In the Edmonton Journal David Staples writes that the Alberta energy industry is finally speaking out about the massive foreign-funded campaign to shut them down. Especially “non-grassroots, professional anti-pipeline activists who have received tens of millions in funds from U.S. foundations that openly brag about land-locking the Alberta oilsands… during the same time period that U.S. oil production doubled.” Better late than never, he adds, while Gwyn Morgan in The Financial Post lauds the decade-long effort by independent researcher Vivian Krause to document and expose this campaign.
It is very curious that the Canadian left, whose bread and butter used to be discomfort verging on paranoia about American influence on Canada and who still shake the “American-style health care” juju at anyone who proposes reforming our sclerotic medical system, would be so enthusiastic about the largest American campaign to influence Canadian policy in history. Or that the press and politicians should be so uncurious about its existence let alone its implications.
Of course one reason why is deep political, academic and even cultural hostility to the industry it targets. Staples quotes Tim MacMillan, oilfield entrepreneur then Saskatchewan Energy minister and now president and CEO of the Canadian Association of Petroleum Producers, that Bill C-69 is going to make life very difficult for his industry. And the harder he’s worked to get the federal cabinet to see the problem, and the more soothing the reassurances, the worse the actual text has become. “I’m struggling with the government’s line that, ‘This will be fine.’ Because it won’t be fine.”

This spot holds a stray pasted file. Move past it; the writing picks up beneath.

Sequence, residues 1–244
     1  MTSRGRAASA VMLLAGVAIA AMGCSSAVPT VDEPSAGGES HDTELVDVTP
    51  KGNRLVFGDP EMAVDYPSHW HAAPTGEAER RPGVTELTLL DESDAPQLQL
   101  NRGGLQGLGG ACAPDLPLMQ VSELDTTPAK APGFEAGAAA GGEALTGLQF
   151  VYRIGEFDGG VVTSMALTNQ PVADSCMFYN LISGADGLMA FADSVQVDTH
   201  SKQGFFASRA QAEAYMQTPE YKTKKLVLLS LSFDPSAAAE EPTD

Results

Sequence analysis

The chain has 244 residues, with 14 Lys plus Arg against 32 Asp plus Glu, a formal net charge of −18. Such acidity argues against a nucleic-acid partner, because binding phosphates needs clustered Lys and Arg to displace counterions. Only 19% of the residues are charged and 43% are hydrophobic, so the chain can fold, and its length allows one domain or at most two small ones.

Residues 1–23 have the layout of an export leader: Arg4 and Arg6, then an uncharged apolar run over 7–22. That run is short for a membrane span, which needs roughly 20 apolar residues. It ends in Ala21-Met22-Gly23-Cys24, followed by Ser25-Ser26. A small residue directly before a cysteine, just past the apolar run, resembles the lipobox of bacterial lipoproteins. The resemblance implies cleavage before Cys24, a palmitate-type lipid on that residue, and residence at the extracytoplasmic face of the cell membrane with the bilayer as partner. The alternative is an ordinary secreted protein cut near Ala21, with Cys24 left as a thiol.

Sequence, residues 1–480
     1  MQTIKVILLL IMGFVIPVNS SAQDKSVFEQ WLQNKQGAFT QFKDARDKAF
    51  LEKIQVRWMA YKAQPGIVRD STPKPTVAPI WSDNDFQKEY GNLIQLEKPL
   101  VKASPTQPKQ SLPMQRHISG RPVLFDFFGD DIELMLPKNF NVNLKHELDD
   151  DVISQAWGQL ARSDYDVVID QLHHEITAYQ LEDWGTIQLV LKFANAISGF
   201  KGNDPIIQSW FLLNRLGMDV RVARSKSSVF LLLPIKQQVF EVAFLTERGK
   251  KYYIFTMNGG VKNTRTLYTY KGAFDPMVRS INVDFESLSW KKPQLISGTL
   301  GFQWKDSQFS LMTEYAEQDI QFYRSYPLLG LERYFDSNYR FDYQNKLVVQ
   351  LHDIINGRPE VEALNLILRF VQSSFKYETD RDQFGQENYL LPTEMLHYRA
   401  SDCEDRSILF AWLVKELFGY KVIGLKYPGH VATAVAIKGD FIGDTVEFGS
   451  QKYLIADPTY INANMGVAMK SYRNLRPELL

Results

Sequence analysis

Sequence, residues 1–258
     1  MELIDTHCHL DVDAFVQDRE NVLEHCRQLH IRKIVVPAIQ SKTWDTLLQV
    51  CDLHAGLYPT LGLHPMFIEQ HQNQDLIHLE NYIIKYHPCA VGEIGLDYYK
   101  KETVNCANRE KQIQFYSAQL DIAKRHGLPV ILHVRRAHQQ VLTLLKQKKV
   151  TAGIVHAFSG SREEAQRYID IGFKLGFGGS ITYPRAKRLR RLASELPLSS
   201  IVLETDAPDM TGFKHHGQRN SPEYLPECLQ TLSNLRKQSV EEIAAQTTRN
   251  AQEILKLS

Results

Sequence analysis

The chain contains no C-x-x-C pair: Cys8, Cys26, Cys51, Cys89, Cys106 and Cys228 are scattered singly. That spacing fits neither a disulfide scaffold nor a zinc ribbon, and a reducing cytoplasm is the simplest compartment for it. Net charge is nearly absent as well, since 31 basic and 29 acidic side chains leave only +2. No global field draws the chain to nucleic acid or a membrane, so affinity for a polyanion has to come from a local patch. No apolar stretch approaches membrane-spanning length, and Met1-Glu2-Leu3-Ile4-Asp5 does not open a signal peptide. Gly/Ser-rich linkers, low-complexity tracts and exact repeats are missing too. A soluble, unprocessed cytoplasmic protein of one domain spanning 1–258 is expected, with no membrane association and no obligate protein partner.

Staples concludes that “No, it won’t be fine. But at last oil and gas sector leaders and workers are starting to admit past mistakes and to throw hard punches in this heated political dispute. They’re also no longer getting sucker punched by U.S. interests, which will go a long way.”
The question, we would add, is whether industry leaders will also finally start publicly questioning at least some of the more ludicrous extremes of alarmist rhetoric (which is easy to do, since you just have to quote the IPCC reports), as opposed to the losing strategy of making a big contrite show of agreeing that their product is destroying the Earth then asking for permission to keep produ
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